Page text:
Ask Not What an Influencer Can Do for You
Grow Your Business, Not Your Inbox
When a relevant influencer supports your product or service, it can be a hugely positive endorsement than can lead to sales and improved brand recognition. But many people think about what they can get out of an influencer rather than building a positive relationship with them.
If you are a global company and are dealing with thousands of influencers, it’s not possible to build friendships with them all -- but you can still build authentic relationships.
Here are five tips for building authentic relationships with key influencers in your industry.
1. Identify influencers with similar values.
When you want to form a friendship with someone, you naturally gravitate toward people with similar values. If influencers have similar values to you and your team, in their personal life and business life, you will find it easier to establish a relationship.
The great thing about the online world is that influencers leave clues about what they stand for and what they believe in. Their audience size and relevancy is important, but their values are also important.
2. Help them.
Instead of looking for what you can get from an influencer, how about trying your very best to help them? In Robert Cialdini’s book, Influence: the Psychology of Persuasion, he talks about the law of reciprocity. When you do something for someone, they want to do something in return.
Brian Fanzo is a social media strategist who uses the hashtag #showucare to promote the importance of showing that you care. He highlights brands that demonstrate this online.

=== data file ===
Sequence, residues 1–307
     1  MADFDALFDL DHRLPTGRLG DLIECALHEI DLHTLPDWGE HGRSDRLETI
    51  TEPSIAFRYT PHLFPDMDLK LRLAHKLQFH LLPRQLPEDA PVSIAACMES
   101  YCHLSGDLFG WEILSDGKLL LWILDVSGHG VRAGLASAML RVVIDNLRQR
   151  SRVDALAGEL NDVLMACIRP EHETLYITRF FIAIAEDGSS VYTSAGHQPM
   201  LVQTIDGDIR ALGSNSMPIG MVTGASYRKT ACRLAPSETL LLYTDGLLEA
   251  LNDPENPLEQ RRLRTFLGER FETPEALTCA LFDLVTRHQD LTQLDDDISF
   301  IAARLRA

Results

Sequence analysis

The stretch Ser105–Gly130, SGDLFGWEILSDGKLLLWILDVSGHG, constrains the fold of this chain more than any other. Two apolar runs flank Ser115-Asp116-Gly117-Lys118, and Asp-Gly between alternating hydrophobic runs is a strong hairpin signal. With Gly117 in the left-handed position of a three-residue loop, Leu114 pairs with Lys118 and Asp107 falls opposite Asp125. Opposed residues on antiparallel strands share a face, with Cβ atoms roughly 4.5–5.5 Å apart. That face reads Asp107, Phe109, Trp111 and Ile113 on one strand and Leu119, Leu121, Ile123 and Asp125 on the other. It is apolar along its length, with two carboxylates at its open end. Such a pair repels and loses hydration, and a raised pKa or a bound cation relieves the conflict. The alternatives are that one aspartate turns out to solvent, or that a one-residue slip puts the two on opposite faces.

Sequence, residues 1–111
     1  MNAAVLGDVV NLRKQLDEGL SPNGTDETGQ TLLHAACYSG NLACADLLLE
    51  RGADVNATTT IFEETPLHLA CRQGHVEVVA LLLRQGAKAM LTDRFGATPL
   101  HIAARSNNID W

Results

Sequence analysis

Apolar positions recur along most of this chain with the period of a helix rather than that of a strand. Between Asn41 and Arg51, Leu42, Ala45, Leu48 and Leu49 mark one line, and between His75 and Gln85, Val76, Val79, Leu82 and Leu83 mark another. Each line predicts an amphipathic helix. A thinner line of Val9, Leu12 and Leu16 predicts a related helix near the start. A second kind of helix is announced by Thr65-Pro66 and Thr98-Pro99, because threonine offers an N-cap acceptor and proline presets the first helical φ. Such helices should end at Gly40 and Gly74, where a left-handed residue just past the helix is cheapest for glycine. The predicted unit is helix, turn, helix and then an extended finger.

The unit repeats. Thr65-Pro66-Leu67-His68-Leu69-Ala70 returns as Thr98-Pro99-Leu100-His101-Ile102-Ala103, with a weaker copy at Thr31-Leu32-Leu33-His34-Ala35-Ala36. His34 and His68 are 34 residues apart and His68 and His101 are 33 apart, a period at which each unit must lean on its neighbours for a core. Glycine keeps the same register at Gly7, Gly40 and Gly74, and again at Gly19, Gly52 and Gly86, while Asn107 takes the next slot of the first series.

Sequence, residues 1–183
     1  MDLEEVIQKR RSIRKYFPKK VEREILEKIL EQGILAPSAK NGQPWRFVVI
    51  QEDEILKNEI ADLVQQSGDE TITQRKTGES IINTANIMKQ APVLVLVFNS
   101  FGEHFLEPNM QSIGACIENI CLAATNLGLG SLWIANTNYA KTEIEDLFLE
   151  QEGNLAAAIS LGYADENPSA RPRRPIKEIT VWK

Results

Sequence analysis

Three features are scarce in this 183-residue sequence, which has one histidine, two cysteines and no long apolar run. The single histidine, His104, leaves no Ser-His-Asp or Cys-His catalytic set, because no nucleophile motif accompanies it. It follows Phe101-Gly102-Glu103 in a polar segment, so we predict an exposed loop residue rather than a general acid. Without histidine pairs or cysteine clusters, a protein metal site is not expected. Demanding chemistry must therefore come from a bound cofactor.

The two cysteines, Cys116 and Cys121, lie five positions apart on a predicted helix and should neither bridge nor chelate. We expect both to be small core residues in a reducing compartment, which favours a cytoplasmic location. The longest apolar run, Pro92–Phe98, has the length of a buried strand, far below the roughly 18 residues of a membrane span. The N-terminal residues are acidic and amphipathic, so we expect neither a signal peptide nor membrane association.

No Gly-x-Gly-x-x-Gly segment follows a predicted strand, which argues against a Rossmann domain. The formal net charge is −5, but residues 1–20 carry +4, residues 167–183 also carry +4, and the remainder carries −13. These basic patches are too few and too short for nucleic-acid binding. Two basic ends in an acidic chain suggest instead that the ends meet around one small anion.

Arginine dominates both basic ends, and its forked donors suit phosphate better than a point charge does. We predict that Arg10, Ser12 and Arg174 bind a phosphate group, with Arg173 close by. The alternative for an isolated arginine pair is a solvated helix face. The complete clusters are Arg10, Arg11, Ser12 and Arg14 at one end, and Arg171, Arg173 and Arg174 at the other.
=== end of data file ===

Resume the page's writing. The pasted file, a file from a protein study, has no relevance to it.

If you genuinely care about a relationship, demonstrate this. Next time you meet an influencer, the most important thought in your head should be how you can help them.
Related: 4 Traits Influencers Possess
3. Travel to meet them.
A relationship can be established online, but it goes to another level when you meet someone in person. You can’t spend your time traveling around the world just to have a coffee with all the influencers you connect with, but you can pick out the most important relationships.
Go to a conference where they all hang out and lurk in the corridors to meet the influencers in person. The action at conferences happens in the corridors or in restaurants and bars -- not in the sessions.
4. Be honest.
I recently got an email from a blogger who has no audience and wanted to interview me on a podcast. I get many requests -- so why did I accept the one from the person with no audience?
I got a very genuine and honest email saying this person was a fan of my work and, although they had no audience, they would be honored if I went on to their podcast.
And that's a great way of starting a relationship.
5. Do something surprising.
Earlier this year, I spoke at Social Media Marketing World in San Diego and, a few weeks after I returned, I got a personal thank-you note from the team. In the online world we live in, getting a personal, hand-written thank-you message is powerful and surprising.
Ted Rubin, a social media strategist, uses the term Return on Relationship. If you want genuine, long-term relationships, the immediate return of investment is not the only thing you need to track.
Are you and your team really building authentic relationships? What will you change?